In the UK it is ‘Mothering Sunday’ this Sunday (important to point this out for international readers who celebrate it on other dates, and to point out that I have international readers [smug mode enabled], and to make those international readers feel included). Where was I? Oh yes, ‘Mothering Sunday’. It has the potential to be another day designed to line the pockets of card and gift shops across the country as more and more “stuff” is produced just for that day.

At its heart, however, is thankfulness for the human experience of being mothered. It is chance to be thankful to those who have given us their love, patience, encouragement, patience, lent us their car when we were learning to drive, patience, tidied our rooms (or got us to do it eventually), patience, put food on the table for us, patience, nurtured us and did I mention patience? They need not have been our biological mothers, or even women, but they have shared motherliness with us and we are grateful to them.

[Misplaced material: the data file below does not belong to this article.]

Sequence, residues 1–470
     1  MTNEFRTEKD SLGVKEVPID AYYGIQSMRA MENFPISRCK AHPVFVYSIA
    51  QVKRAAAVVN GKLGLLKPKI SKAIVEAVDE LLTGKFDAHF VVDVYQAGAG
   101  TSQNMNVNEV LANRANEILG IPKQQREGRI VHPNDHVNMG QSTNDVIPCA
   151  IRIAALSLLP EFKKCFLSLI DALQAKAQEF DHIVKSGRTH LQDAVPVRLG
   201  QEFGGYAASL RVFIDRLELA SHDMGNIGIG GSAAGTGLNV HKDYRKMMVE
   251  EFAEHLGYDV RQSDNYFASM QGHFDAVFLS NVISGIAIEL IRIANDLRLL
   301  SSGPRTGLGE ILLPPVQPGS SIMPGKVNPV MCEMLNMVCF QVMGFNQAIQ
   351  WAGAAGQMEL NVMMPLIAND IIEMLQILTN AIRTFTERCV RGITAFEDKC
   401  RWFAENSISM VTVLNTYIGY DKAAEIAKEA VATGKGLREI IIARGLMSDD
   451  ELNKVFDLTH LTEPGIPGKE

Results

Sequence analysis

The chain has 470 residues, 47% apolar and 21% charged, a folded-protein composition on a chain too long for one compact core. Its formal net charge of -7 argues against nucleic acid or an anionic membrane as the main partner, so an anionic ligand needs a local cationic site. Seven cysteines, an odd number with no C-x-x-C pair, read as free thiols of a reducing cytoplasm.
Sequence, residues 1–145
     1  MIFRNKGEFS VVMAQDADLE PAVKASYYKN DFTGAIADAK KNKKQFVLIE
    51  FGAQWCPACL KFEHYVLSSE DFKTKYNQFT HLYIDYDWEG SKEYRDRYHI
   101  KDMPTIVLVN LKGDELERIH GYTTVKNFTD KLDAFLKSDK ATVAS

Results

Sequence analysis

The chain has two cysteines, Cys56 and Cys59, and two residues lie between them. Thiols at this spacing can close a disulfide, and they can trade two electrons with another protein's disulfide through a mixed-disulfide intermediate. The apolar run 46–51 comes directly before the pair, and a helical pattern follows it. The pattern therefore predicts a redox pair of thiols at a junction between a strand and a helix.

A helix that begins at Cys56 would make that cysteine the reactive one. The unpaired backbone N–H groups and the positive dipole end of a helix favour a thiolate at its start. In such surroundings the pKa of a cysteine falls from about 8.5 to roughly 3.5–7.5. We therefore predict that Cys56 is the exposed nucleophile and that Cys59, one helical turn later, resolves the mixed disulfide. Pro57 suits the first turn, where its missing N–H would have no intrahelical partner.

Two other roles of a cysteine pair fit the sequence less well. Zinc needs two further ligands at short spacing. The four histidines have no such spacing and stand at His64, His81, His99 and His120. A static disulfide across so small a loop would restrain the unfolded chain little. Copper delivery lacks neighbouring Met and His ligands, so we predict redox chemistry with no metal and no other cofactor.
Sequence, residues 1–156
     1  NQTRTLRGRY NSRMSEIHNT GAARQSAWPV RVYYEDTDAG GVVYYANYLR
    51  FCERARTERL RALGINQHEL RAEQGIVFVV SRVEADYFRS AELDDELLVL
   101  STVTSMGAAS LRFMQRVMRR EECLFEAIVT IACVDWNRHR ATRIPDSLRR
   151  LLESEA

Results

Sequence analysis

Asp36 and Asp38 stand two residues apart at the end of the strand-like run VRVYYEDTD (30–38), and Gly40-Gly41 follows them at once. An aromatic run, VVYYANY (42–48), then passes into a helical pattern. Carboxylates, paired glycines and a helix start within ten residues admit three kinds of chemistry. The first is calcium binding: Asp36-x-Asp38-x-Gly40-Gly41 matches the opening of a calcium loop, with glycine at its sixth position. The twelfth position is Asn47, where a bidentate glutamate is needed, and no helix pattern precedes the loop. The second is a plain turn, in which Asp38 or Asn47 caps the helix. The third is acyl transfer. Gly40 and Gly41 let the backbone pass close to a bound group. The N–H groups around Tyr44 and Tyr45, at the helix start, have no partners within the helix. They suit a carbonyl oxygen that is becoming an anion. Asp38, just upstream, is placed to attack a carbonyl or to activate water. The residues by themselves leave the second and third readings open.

In preparing for Sunday morning at church I have reflected on Isaiah 66:12. It’s a passage that was originally written for the Jews in exile and is assuring them that God has not forgotten them. It reveals something of his character to them and how he views them with motherlike affection. There is a lovely image of God treating his people the same way that a mother dandles a child on her knees.

Have you ever been dandled? I was not sure, so looked it up. Dandling is affectionately bouncing a child up and down in your arms or on your knees (now you know). That image took me back – first of all to my childhood when I can remember being bounced on knees, and then to my children’s earlier days when they were bounced on knees. The dandling was invariably accompanied by giggles, laughs and joy. It’s a shame I am too big to be dandled today.